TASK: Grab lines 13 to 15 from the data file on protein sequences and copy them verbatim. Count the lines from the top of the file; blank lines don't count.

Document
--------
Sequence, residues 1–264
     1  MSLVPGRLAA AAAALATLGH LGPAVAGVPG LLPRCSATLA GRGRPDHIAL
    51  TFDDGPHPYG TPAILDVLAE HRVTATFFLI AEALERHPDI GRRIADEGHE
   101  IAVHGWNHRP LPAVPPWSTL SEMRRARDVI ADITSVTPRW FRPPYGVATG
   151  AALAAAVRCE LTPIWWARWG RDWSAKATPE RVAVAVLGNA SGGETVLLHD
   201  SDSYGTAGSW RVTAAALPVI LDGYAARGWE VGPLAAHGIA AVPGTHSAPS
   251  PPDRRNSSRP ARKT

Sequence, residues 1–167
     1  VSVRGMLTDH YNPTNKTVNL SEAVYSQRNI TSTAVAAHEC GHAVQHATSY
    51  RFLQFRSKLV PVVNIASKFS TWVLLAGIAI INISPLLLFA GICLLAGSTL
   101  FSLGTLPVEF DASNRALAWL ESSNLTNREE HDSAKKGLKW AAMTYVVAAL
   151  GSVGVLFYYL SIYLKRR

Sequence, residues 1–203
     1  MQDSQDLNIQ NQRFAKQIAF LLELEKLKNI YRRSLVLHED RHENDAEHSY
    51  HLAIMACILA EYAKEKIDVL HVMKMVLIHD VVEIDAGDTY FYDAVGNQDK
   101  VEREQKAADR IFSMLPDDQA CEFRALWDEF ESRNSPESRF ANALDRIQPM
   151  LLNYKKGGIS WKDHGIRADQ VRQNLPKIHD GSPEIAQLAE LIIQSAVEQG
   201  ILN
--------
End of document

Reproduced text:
Sequence, residues 1–203
     1  MQDSQDLNIQ NQRFAKQIAF LLELEKLKNI YRRSLVLHED RHENDAEHSY
    51  HLAIMACILA EYAKEKIDVL HVMKMVLIHD VVEIDAGDTY FYDAVGNQDK